Mark: I learned a lot. I knew fulfilling the campaign was going to be tough, but I had no idea. It took 2 months for me to fulfill the project once the books arrived and I think the experience will help me this time around. There’s little things that will save time. We bagged and boarded all of our books and used Silver Age bags and boards. Switching to Golden Age bags and boards this time around will save us time because the books will go in a whole lot easier. Jon also did his sketches inside the book, so he couldn’t get started until the books arrived.

For volume 2, Jon is going to do the sketches on a separate piece of paper so he can get a jump on them. As well, the Gemini Comic Mailers are a big hit with fans and they’ll be back for the fulfillment this time around. I have them in huge stacks in my basement, but I placed them with the label up. I have to flip one over everytime I fold one up. If I place them label down, I’ll save seconds on each package. It might not seem like a big deal, but those seconds add up when you are dealing with thousands of books.  

 

Chris: What was the motivation to let some new talent work on volume 2, and how has that been working?

Mark: The community had been so good to us and made Graveyard Shift possible. We wanted to give back to it and give some aspiring talent a break.  There were guidelines they had to follow. Jon and I came up with plots for Von and Cal to follow for their stories. The new characters being introduced were already created and the artists were given character designs for all of them to follow. 

 

 

Chris: So tell me a bit about your creative team and the creative process.

 

Mark: The creative team behind the main book is me and Jon as writer and artist. Anthony George is our colorist and Eric Weathers is our letterer. Jon and I work the Marvel method. We go over the story and then I plot it out. Jon begins drawing pages. As he finishes pages, he passes them off to Anthony. I begin scripting dialogue as the finished pages come in. The final step is we’ll send the script and pages to Eric to letter and then have a Google Hangout session with him going over placement of balloons and changing any clunky dialogue or adding new dialogue where needed. Thankfully, Eric is a patient man.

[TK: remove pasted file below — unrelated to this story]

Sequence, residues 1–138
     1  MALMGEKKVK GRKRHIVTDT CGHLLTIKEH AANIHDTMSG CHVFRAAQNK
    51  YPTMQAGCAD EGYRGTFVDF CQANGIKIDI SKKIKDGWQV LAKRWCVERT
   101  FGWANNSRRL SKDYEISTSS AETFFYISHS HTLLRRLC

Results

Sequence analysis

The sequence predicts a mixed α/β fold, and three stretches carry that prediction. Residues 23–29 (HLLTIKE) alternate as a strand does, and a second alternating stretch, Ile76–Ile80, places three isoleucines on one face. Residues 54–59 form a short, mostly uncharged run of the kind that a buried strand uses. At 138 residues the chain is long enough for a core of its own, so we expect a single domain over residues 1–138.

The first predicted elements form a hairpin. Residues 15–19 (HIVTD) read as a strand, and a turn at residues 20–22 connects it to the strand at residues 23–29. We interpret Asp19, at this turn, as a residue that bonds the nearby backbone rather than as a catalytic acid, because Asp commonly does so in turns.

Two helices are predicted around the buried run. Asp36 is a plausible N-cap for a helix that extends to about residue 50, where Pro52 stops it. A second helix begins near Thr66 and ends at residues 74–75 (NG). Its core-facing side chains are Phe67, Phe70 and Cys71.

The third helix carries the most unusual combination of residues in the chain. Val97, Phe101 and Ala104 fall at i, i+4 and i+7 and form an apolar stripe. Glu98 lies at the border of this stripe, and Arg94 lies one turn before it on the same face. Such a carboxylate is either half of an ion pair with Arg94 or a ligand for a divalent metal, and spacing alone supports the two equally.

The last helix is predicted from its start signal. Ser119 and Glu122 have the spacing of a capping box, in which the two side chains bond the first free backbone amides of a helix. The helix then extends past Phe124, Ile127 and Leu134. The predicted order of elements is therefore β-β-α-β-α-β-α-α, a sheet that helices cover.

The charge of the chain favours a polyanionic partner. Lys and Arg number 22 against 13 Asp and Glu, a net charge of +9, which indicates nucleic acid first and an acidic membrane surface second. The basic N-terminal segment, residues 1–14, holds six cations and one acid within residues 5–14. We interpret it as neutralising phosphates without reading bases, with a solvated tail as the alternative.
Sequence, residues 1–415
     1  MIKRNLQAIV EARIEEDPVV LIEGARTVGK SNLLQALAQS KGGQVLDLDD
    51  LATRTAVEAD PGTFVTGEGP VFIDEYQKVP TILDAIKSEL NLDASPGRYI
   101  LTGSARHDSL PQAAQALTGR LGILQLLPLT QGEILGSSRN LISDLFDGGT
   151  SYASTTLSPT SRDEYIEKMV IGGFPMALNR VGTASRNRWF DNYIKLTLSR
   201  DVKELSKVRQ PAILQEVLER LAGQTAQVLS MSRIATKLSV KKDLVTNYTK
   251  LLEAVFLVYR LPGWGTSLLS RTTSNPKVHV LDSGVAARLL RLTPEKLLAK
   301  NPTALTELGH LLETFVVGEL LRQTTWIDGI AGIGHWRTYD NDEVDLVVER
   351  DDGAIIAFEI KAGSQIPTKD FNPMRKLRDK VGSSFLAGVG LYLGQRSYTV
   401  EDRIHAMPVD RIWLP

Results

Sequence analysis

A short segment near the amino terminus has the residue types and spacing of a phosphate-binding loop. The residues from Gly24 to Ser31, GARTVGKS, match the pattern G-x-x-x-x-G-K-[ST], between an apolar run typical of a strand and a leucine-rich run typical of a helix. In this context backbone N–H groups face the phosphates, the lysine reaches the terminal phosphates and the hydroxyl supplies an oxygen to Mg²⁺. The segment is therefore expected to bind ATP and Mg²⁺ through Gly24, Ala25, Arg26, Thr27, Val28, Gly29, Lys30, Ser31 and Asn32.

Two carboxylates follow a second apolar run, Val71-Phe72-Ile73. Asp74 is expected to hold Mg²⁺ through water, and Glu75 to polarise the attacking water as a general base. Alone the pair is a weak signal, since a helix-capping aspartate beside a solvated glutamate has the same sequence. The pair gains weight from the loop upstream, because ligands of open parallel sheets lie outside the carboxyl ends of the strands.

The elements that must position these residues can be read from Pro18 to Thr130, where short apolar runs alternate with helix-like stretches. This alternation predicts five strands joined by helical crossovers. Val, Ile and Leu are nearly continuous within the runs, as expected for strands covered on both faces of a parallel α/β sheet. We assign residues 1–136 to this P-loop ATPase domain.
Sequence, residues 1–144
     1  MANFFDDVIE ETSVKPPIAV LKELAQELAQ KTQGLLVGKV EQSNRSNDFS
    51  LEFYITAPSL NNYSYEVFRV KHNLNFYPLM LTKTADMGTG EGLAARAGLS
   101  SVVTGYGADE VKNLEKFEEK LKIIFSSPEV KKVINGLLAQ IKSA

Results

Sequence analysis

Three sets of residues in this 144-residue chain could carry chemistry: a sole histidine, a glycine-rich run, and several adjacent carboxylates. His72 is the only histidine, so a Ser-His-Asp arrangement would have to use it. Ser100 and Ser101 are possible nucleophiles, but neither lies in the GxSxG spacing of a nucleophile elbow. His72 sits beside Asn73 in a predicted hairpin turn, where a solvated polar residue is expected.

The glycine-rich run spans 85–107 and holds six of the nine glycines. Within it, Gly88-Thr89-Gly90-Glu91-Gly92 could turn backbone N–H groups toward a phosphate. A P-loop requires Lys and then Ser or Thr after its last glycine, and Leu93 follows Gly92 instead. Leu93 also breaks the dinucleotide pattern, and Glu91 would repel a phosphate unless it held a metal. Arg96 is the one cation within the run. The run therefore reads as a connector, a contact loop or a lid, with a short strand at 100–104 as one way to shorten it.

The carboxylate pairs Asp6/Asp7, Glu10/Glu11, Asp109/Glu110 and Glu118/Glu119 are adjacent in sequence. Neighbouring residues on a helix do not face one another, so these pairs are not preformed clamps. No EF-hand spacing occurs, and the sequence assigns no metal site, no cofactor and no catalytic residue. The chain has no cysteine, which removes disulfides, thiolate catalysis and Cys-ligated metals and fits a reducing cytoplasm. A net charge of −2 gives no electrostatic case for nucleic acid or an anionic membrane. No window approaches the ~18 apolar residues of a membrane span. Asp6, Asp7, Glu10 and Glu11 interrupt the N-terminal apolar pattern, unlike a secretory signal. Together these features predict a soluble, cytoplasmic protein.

The creative teams for the Supplemental book is as follows: Epilogue story by writer Cal Jameson and artist Render Contender. Killer 99 story by writer Von Claus and artist Todd Mulrooney. And Volume 3 prequel/Lonestar team up story by me and artist Mike McMahon. Anthony George and Eric Weathers will do colors and letters on all books. The process is pretty much the same except Cal and Von worked full script. 

 

Chris: Where did the initial idea for Graveyard Shift come from? 

Mark: The inspiration is 90s’ comics, specifically the early Image era. Books like Youngblood, Spawn and Wildcats mixed with horror and sci-fi. The elevator pitch has always been what if the Universal Monsters were the X-Men. You take those classic monsters and mix them with Jim Lee era X-Men and that’s the recipe for Graveyard Shift. 

 

 

Chris: You mentioned some one-shots, but is there a volume 3 in the works? What are you currently working on?

 

Mark: There’s definitely a volume 3 in the works. I wrote the prequel to it and that’s what’s included in our supplemental book. The plots for the volume 3 books are done and I’ll start fleshing them out more when I get the free time. I’m currently scripting the dialog to my upcoming graphic novel with artist Mike McMahon, USAssassin. Mike penciled the Graveyard Shift Volume 3 prequel, so I think fans will enjoy his work. Hopefully, we’ll have an announcement soon for USAssassin.

 

An exclusive page from Cal Jameson (writer) and Render Contender (artist), with colors by Zee that will be featured in the Supplemental book.